By Mike Linn
Covered wagons were prevalent in Portales in the early 1900s. So it’s a bit strange that Pat McCarty says she feels like she’s in one every time she crosses the railroad tracks on North Main Street.
McCarty, a Portales resident, isn’t the only one complaining.
Roosevelt County Commissioner Dennis Lopez said he fields questions every day on when the tracks will get upgraded. On Thursday, the lawmaker got an answer — by summer’s end.
City, county, state and railroad officials reached a verbal agreement on funding approximately $180,000 in upgrades at the North Main crossing and its approaching roadways.
They set June as a deadline to begin construction.
The city will put forth $65,000, either in funds or in-kind services, the New Mexico Department of Transportation will allocate $75,000 or more and after negotiations officials with Burlington Northern Santa Fe said they would allocated $40,000.
Initially, officials were seeking more money from BNSF, and BNSF officials were hoping to allocate less.
“Because of the fact I don’t know how BNSF works financially, I expected more from them, but any money they provide is good,” Lopez said.
Two years ago, BNSF had a program where they offered to pay 70 percent for the railroad crossing upgrades if municipalities pitched in the remaining 30 percent, Lopez said.
Months later, the state Legislature allocated $65,000 to fund the city’s share of the costs. By that time, however, BNSF had done away with the program.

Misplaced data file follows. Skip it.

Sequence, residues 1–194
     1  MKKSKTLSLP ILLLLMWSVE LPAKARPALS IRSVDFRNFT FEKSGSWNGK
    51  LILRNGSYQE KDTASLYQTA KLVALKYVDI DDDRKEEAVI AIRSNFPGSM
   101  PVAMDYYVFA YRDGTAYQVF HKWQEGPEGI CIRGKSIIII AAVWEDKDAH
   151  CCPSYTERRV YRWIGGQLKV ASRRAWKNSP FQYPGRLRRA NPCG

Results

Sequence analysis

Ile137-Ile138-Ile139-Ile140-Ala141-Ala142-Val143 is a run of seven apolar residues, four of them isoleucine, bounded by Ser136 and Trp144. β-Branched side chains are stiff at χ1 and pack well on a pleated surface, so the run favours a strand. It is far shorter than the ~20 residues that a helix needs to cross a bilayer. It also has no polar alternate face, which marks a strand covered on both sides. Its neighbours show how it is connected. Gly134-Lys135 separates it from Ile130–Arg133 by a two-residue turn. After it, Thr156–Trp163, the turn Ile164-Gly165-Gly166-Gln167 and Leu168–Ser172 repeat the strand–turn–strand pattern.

“We kind of got flimflammed on this,” Sen. Stuart Ingle said.
Colleen Deines, BNSF’s manager of public projects, said the program was intended to be short-lived.
“Unfortunately that was some time ago and that program does not exist,” she said.
Deines and John Shurson, assistant director of public projects, initially said they would allocate $7,000 to the project.
“We don’t have the funds,” Deines said.
But a state official reiterated the fact that the railroad belonged to BNSF, and its their job to make upgrades.
“Railroad policy (regarding upgrades) may not meet state law,” said Henry Gonzales, a railroad and utilities and relocation agent for the New Mexico Department of Transportation.
But after some brokering by Mayor Orlando Ortega, who seemed shocked BNSF wouldn’t contribute $75,000 and even more appalled from a $25,000 offer, BNSF settled on $40,000.
Although BNSF verbally agreed to pay roughly 22 percent of the costs, Ortega seemed pleased a deal was made.
Upgrades are also slated to begin in October on the crossing on North Avenue B.
The upgrades will help with drainage problems around the tracks, and will make the crossing smoother for drivers.
Something McCarty was glad to hear about Thursday.